Catwoman #45 review

Catwoman 45

Catwoman #45 “The Daughter of One Who Had No Fear
Written by Genevieve Valentine
Art by David Messina
Colors by Lee Loughridge

After reading this issue, all I want to do is throw a temper tantrum about Valentine leaving. I’m talking full-on screaming and kicking, while rolling around on the floor… Like a hungry, angry baby…. In Dan Didio’s office…. Loud enough so Jim Lee can hear from his office next door. This is such a loss. Not only for this book, but for Gotham as well.

We’re quickly reaching the end of Valentine’s terrific run, and it just gets better with each issue. She’s put so much work and effort in to pulling Selina out of the hell hole that Nocenti put the character in, and it’s a shame that right as Valentine is hitting her stride with Selina as Catwoman, a new (unfortunately less exciting) team is announced. It looks like the Selina Kyle we’ve wanted since the launch of the New 52 will end up being a fleeting memory.

This issue picks up with Eiko mourning her father. I want to point out how much I love this! Throughout the entirety of Valentine’s run, Eiko has been working against her father, who is aligned with Black Mask. I feel like many writers would’ve taken this two different directions: Eiko would’ve continued having “daddy issues” and not been affected because he had it coming (I hate when writers take this route), or she could’ve gone all, “I hate the world…” Which, in a way she kind of does, but it’s more focused on getting revenge against Black Mask than becoming overtly homicidal. Kind of… More on that later though.

As for our leading lady, this issue brought about a completely different energy than what we’ve seen from her. I couldn’t place what specifically led to that during my initial read-through, but realized it three pages into my second read-through, and quickly skimmed the entire issue to validate myself: Selina Kyle does not appear in this issue. It’s ALL Catwoman! Every scene Selina is in, she’s Catwoman… And that slight difference made a huge impact!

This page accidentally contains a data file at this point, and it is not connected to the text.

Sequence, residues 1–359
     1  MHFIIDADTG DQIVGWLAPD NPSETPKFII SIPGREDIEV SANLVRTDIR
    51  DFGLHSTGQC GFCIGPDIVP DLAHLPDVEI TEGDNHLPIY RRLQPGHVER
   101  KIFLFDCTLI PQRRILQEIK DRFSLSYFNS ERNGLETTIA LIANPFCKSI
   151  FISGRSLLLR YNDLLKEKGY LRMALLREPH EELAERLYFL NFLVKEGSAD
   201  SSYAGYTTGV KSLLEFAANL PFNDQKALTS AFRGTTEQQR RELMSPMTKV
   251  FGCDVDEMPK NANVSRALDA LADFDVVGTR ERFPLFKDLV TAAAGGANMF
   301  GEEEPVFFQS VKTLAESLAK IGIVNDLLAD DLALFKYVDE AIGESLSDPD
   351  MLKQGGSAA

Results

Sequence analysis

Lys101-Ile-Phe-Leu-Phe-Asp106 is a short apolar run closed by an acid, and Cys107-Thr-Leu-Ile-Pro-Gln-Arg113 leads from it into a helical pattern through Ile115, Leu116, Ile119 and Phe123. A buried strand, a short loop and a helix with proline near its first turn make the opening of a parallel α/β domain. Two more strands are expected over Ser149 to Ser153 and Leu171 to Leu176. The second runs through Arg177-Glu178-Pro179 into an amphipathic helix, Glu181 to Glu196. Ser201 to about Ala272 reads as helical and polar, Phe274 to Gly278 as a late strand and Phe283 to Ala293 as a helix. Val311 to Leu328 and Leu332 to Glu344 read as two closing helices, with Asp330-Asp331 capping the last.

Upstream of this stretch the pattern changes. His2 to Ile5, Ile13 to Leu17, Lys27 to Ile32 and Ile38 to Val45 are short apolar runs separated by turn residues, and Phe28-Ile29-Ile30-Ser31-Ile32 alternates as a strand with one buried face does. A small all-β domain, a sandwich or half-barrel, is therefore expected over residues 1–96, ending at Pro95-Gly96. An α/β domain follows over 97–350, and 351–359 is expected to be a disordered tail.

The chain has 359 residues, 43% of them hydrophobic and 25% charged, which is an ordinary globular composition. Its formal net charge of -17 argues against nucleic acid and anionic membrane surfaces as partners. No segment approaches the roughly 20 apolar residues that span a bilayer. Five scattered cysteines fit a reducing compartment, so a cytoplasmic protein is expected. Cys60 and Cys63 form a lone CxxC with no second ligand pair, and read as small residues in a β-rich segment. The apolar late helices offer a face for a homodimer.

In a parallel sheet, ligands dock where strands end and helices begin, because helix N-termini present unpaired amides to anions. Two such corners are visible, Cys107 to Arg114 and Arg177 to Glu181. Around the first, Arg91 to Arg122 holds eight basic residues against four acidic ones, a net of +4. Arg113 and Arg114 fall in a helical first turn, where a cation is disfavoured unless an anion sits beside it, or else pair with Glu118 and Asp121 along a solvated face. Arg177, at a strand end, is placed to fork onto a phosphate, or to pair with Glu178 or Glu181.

Catwoman was on her game here, determined to get to Black Mask before Eiko. And holy mother is this the Selina/ Catwoman that I love! She’s crafty, calculated, and reminds nay-sayers to NEVER underestimate her. I feel like Catwoman is at her best when she’s living in moral ambiguity while holding firmly onto her humanity. This issue delivers that perfectly!

I will admit that one of my biggest concerns heading into Valentine’s run was the inclusion of Black Mask since he played such a critical role in Brubaker’s Catwoman. I was paranoid that this team was just going to recreate what came before – as a number of writers have done since the launch of the New 52. Thankfully, that hasn’t been the case. The approach of having Selina run the mob was a great way to ensure that there was a distinct difference in the two runs. But then Selina started operating as Catwoman again, and I got a little nervous again. Ultimately, I should’ve had more faith In Valentine. Where Selina acted on rage and revenge in Brubaker’s run, here she acts because it is the best solution out of all possible scenarios. Her endgame is a little different than before, and how she makes it happen is the really interesting bit. And then there’s everything that takes place with the Penguin, Spoiler, Killer Croc, and Antonia…

 

Be warned, there are spoilers below!

 

The Art: I’ve been a big fan of Messina’s art, and I believe he’s gotten better at his craft over time. Even within his short run on this book, he’s improved his craft. It appears as though he’s gotten more comfortable with the characters and their nuances, just as a writer would. He’s gained an understanding of who they are, and their body language. There were so many subtleties that I noticed with Catwoman that I’d never noticed from him before. She was sultry and sexy in way that had been foreign to Messina’s art prior to this.

I will admit that he does have an opportunity with action. I don’t think his action panels are bad by any means. They’re dramatic and deliver, but they aren’t fluid. The movement of his characters can look very stagnate from time to time, almost as if they were posing. While this is an area I think he has improved on, I still think there is some room for growth.